Guilty Crown, which ran on Japanese TV through March 2012, is somewhat of a darling among American fans. The title receives high marks from fans and critics alike, who praise the show for its gorgeous presentation and strong storyline.

FUNimation announced that they acquired the show’s master license in 2011, and streamed it via their own service. Shortly after the show finished airing, FUNimation announced that Guilty Crown would hit DVD and Blu-Ray on August 27, 2013.

Earlier today, we received a parcel from FUNimation via UPS. Unlike the standard red-pack envelopes, what we received was a black brick with a decent amount of weight to it. The outside was sealed with a seal bearing the Guilty Crown logo. We had seen this type of packaging before, and surmised that it was a press kit to hype the show. As we cut open the seal, and opened the box, our intuition proved right.

Since we did receive the entire product (and then some!), it only felt right that we do a tear-down. Thanks to FUNimation for providing the product! (click images for larger versions)


From the outside, the shipping crate is fairly non-descript. It’s a black box, adorned with shipping labels that, if measured would be about the length and width of a DVD case, and the height of four 2-case sets stacked. The main seam of the box was adorned with the Guilty Crown logo on a white seal. Inside the box, we found the following:

  • Guilty Crown Set 1, Limited Edition
  • Guilty Crown Set 2
  • Guilty Crown Poster

The inside flap of the box had an image of the male and female leads affixed to it. The image was split at the seam which, when opened, contained a sell sheet for the title.




The first set was shipped in a chipboard box. The box features a wrap-around art piece that depicts leads Shu and Inori in a kinetic, slightly suggestive scene. A removable summary sheet is affixed to the back of the box.

Inside the chipboard box is four items:

  • The first Guilty Crown Blu-Ray set
  • A spacer featuring a piece of black-and-white key art
  • Two art books, each about 100 pages long.

The case features a color drawing of Inori Yuzuriha, which was drawn by series illustrator redjuice. The back of the case contains the Guilty Crown logo and an episode list. Each of the discs features a redjuice illustration of one of the series characters. The discs are presented in two-tones, with each disc having a color “tint” to offset the silver of the disc.


The two books with the set comprise two sets of art. The first book features work from the TV series, which contains character design sheets, background art, and character art used in the show. The second is a collection of redjuice’s sketches from the Guilty Crown franchise. Both books feature notes and information pertinent to the piece at hand.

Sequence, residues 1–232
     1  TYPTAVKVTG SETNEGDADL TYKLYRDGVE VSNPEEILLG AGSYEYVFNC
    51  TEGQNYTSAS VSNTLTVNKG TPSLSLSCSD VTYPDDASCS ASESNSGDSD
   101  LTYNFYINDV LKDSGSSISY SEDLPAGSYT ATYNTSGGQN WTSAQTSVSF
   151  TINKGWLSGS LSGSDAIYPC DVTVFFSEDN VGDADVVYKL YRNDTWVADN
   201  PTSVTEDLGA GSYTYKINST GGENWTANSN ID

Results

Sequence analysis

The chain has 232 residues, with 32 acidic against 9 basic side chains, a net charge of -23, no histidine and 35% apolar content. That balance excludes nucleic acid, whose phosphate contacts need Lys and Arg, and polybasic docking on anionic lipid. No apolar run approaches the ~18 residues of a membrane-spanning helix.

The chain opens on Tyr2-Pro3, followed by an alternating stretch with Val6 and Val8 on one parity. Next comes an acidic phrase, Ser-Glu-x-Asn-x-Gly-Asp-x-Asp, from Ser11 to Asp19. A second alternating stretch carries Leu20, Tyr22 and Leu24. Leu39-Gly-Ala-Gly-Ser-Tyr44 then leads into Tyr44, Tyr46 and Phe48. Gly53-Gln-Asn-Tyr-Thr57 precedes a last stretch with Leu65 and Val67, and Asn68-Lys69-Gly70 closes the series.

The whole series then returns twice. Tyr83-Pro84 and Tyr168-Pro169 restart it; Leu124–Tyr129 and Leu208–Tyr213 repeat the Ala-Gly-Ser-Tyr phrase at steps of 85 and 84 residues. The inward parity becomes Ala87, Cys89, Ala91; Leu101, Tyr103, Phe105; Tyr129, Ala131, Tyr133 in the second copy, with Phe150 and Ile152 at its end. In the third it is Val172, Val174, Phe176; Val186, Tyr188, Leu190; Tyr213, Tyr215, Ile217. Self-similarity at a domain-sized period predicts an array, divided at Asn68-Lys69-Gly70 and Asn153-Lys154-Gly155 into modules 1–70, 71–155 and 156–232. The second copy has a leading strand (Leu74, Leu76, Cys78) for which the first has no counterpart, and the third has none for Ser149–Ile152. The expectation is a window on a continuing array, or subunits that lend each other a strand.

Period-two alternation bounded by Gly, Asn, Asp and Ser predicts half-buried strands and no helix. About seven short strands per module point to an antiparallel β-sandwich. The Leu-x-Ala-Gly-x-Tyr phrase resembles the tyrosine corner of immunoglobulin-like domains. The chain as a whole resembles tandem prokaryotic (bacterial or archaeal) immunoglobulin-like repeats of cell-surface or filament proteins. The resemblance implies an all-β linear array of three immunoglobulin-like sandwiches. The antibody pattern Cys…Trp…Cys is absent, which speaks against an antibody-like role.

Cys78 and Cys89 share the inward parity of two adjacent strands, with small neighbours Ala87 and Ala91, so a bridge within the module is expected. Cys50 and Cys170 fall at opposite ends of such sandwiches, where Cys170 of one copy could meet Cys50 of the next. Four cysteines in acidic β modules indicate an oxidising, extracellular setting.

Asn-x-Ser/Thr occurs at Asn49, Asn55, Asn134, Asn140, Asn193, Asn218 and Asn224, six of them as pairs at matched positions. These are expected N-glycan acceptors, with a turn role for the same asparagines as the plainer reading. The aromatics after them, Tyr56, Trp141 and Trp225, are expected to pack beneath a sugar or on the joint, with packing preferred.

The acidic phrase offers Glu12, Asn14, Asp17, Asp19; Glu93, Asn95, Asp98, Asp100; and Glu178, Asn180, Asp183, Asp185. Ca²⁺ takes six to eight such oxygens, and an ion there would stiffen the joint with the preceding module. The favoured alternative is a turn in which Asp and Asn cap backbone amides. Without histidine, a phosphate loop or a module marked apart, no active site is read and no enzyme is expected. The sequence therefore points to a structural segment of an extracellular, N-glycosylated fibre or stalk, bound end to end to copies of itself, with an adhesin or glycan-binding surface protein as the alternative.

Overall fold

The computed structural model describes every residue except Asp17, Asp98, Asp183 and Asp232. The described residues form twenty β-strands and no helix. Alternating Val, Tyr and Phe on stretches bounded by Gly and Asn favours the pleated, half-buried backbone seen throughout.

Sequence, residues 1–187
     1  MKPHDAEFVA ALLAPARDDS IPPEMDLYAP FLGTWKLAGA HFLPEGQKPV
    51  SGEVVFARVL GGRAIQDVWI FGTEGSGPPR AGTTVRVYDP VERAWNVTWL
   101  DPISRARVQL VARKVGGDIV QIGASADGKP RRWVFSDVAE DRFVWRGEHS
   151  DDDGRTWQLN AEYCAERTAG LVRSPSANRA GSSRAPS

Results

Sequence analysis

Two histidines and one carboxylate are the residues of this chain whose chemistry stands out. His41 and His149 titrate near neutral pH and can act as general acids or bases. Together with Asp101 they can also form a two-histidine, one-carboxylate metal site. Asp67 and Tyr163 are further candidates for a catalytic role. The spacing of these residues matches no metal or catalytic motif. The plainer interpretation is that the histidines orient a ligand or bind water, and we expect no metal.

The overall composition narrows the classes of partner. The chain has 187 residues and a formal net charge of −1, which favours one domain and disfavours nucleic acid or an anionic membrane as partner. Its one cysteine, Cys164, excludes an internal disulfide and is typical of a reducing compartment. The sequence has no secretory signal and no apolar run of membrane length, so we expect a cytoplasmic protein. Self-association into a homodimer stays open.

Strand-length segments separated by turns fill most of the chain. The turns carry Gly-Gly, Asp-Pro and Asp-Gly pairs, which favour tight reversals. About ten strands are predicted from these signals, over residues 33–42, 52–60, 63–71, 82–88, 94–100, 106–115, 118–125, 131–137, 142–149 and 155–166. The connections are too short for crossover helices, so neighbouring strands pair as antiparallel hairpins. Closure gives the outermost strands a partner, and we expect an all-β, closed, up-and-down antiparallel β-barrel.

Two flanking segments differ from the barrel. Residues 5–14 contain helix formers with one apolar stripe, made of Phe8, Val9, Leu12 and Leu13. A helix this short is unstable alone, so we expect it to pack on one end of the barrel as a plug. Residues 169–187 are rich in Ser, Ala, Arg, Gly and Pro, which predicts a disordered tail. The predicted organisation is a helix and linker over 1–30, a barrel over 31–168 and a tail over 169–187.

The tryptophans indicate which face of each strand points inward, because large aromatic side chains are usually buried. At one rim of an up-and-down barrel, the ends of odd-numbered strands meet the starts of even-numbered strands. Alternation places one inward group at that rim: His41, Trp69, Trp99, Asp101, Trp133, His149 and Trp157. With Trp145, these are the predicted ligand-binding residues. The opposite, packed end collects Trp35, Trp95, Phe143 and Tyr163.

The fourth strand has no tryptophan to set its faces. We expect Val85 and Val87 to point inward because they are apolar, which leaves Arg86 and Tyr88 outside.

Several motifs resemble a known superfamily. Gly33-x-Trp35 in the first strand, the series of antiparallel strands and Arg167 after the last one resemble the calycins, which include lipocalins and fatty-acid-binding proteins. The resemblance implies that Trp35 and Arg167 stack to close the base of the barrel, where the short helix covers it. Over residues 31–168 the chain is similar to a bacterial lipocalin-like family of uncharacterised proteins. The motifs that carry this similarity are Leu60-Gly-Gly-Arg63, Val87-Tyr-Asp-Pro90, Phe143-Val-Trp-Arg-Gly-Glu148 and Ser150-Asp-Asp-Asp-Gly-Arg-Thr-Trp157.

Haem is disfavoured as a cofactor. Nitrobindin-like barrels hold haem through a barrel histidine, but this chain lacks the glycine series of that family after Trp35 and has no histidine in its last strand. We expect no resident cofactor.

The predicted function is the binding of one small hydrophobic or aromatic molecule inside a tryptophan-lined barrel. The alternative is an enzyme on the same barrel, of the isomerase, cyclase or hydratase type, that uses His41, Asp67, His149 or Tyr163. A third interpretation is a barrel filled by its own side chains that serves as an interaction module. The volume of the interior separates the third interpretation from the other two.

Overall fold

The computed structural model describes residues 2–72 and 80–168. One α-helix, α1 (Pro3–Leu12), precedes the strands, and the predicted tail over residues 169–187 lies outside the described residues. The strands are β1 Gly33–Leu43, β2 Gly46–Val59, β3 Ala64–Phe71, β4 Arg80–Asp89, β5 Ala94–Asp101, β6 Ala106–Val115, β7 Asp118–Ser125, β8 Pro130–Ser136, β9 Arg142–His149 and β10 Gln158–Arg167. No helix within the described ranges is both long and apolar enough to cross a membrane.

Set 2 features a similar case setup to the first, though the key art used is different. The disc styles and general aesthetic remain the same, and the back of the case features a description, rather than an episode list.


Menu Structure

Note: Since the release has a consistent look & feel across the discs, I will only be covering the first disc. Further dissections would be redundant. Since I don’t have a blu-Ray drive on my computer, I’m unable to get screens, and therefore won’t be providing screens of the blu-Ray set.

The front menu features a piece of key art of Shu and Inori, drawn by redjuice. Menu options are displayed horizontally under the show’s logo. Each of the submenus contains a redjuice-drawn piece of character art, with the menu options displayed vertically beside the artwork.



Extra Features

Extra features for the two sets are as follows:

Set 1

  • Dub cast episode commentaries
  • Guilty Crown 4-Panel Theater, Parts 1-6A
  • Episode Previews
  • US Trailer
  • Textless Songs
  • Featurette: Into the Void: Creative Vision

Set 2

  • Dub cast episode commentaries
  • Featurette: Reassortment: Series Digest
  • Guilty Crown 4-Panel Theater: Parts 6B-11
  • Episode Previews
  • Textless Songs

Video Presentation


FUNimation’s limited-edition release is a lavish treat. The packed artbooks and sturdy box are fantastic bonuses that warrant the early adopter fee, and then some. The stark presentation allows the various artwork to speak for itself, and provides a clean, attractive style.